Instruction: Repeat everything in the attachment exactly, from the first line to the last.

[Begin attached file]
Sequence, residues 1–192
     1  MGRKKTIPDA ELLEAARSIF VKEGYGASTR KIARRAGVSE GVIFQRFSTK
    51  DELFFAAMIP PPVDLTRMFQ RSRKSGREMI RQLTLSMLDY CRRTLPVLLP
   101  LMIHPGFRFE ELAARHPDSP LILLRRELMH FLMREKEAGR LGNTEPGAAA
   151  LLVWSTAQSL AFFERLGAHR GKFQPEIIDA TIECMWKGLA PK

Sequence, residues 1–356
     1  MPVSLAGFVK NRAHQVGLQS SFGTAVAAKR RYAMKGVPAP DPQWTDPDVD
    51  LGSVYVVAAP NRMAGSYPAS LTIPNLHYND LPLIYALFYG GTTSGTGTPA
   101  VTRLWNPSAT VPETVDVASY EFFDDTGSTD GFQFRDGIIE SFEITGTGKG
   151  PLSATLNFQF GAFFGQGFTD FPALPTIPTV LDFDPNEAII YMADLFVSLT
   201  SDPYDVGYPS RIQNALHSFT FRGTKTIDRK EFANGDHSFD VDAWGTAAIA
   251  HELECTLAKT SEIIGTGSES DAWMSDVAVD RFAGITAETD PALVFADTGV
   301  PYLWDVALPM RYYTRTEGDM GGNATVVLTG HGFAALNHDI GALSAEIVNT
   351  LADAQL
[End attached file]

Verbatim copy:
Sequence, residues 1–192
     1  MGRKKTIPDA ELLEAARSIF VKEGYGASTR KIARRAGVSE GVIFQRFSTK
    51  DELFFAAMIP PPVDLTRMFQ RSRKSGREMI RQLTLSMLDY CRRTLPVLLP
   101  LMIHPGFRFE ELAARHPDSP LILLRRELMH FLMREKEAGR LGNTEPGAAA
   151  LLVWSTAQSL AFFERLGAHR GKFQPEIIDA TIECMWKGLA PK

Sequence, residues 1–356
     1  MPVSLAGFVK NRAHQVGLQS SFGTAVAAKR RYAMKGVPAP DPQWTDPDVD
    51  LGSVYVVAAP NRMAGSYPAS LTIPNLHYND LPLIYALFYG GTTSGTGTPA
   101  VTRLWNPSAT VPETVDVASY EFFDDTGSTD GFQFRDGIIE SFEITGTGKG
   151  PLSATLNFQF GAFFGQGFTD FPALPTIPTV LDFDPNEAII YMADLFVSLT
   201  SDPYDVGYPS RIQNALHSFT FRGTKTIDRK EFANGDHSFD VDAWGTAAIA
   251  HELECTLAKT SEIIGTGSES DAWMSDVAVD RFAGITAETD PALVFADTGV
   301  PYLWDVALPM RYYTRTEGDM GGNATVVLTG HGFAALNHDI GALSAEIVNT
   351  LADAQL